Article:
For an amateur trader, learning the key terminology can be an important step towards understanding the Forex market better. In turn, Forex language, acronyms, and terms can be very confusing, and the beginner might find it hard to grasp everything at once.
Forex terminology usually ranges from broker-related jargon to economic definitions and acronyms. It is often believed that the speed at which a trader learns key terminology will determine their consequent profitability.
In order to help you understand and memorize key terms better, we have listed them down in a guide below. Here, you will find the basic terms that every beginner should be familiar with.
Moreover, we will define some more specialized terms, such as currency-related technical language, key economic concepts, and relevant market developments. This Forex words dictionary might be most useful to the amateur traders who wish to build their knowledge about the field. However, experienced traders may also use it as a point of reference.
11 main Forex terms that every beginner should know
Before you go straight into trading with real money and working out a strategy that works best for you, here are the main terms that might help you build up your knowledge, confidence, and understanding of the field of FX trading.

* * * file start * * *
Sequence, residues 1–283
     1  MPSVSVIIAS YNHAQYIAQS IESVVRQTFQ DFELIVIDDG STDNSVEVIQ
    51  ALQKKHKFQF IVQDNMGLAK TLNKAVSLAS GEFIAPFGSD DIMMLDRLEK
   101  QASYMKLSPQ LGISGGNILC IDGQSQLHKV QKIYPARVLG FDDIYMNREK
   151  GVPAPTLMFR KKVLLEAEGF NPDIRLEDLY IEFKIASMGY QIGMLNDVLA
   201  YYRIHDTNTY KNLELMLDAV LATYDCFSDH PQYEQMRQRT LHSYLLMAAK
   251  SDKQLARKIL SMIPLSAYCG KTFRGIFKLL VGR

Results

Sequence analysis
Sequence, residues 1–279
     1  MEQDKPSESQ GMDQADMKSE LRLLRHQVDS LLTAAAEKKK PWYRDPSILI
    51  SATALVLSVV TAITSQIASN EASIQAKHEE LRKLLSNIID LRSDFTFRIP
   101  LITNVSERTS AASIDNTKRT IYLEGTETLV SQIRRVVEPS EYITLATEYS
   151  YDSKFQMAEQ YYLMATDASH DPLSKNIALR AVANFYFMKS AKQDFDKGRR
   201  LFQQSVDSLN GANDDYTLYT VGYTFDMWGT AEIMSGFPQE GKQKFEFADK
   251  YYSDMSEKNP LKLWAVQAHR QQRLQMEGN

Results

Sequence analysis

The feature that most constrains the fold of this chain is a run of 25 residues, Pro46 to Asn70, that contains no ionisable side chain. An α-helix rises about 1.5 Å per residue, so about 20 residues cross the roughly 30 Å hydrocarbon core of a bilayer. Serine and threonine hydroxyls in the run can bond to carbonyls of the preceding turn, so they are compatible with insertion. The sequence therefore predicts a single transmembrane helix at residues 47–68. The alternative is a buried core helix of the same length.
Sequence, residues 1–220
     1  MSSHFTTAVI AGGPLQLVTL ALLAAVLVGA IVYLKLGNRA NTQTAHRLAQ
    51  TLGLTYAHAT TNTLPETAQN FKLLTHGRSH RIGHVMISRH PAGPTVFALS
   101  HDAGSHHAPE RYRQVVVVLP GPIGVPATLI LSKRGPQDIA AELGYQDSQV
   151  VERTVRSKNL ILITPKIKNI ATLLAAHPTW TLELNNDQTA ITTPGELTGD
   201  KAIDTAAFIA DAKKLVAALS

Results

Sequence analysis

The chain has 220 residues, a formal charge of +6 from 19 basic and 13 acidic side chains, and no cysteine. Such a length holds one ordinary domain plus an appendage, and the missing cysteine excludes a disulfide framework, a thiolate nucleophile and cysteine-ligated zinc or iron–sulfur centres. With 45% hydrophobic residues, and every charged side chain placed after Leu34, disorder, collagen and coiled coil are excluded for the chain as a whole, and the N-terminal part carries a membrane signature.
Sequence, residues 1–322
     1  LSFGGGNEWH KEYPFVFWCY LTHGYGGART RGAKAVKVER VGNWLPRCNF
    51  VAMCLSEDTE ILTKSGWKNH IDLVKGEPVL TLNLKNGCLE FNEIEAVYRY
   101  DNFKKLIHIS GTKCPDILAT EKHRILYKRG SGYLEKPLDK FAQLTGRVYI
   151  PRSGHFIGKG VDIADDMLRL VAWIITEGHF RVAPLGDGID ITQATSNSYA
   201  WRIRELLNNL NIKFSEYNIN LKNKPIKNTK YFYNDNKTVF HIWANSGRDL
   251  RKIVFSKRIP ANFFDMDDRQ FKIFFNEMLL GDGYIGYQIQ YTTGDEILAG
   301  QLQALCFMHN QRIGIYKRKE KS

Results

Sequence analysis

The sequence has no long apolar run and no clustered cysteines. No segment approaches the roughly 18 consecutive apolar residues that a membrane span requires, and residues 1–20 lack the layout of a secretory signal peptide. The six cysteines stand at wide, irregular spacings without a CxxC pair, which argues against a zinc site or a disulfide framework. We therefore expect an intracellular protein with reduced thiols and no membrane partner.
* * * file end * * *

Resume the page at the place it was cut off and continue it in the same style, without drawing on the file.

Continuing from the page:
Forex: it would be completely logical to start the list of basic terms with a brief definition of what Forex is. The foreign exchange market ( Forex, FX) is a global, decentralized market for trading currencies. It is the largest market by trading volume, and it includes all aspects of buying and selling currencies, as well as determining the foreign exchange rates.
Currency pairs: currency pair is the main trading asset in FX, and, as evident from the name, it consists of a pair of currencies. Among the various Forex definitions, this one is often listed as the key starting point to understanding this market.
The changing value of the currency pair is what allows a trader to earn their profits. The currency pair is expressed in a XXX/YYY format, for example, USD/GBP.
Base and quote currency: these two terms are used to describe each of the currencies in a currency pair. Thus, the first currency in a pair is called the base one, while the second one is referred to as a quote one. In the aforementioned example, in the USD/GBP pair, the US dollar would be the base currency, while the pound sterling would be the quote currency.
Majors, Minors, and Exotic currencies: in the Forex trading dictionary, currencies are generally split into three different groups. Major pairs are those that are traded the most, and those that include the USD. In turn, Minors are the pairs that do not include the USD, and Exotic are the pairs that include currencies of the countries with emerging economies.
Bid and ask: when it comes to Forex trading, you will find that every currency pair will have two price quotes attached to it. The first one is the bid price, which refers to the amount of the quote currency that the broker is willing to pay to buy the base currency from a trader.
On the other hand, the ask price in a Forex language dictionary is the amount of the quote currency that the broker is willing to accept as payment for selling you the base currency.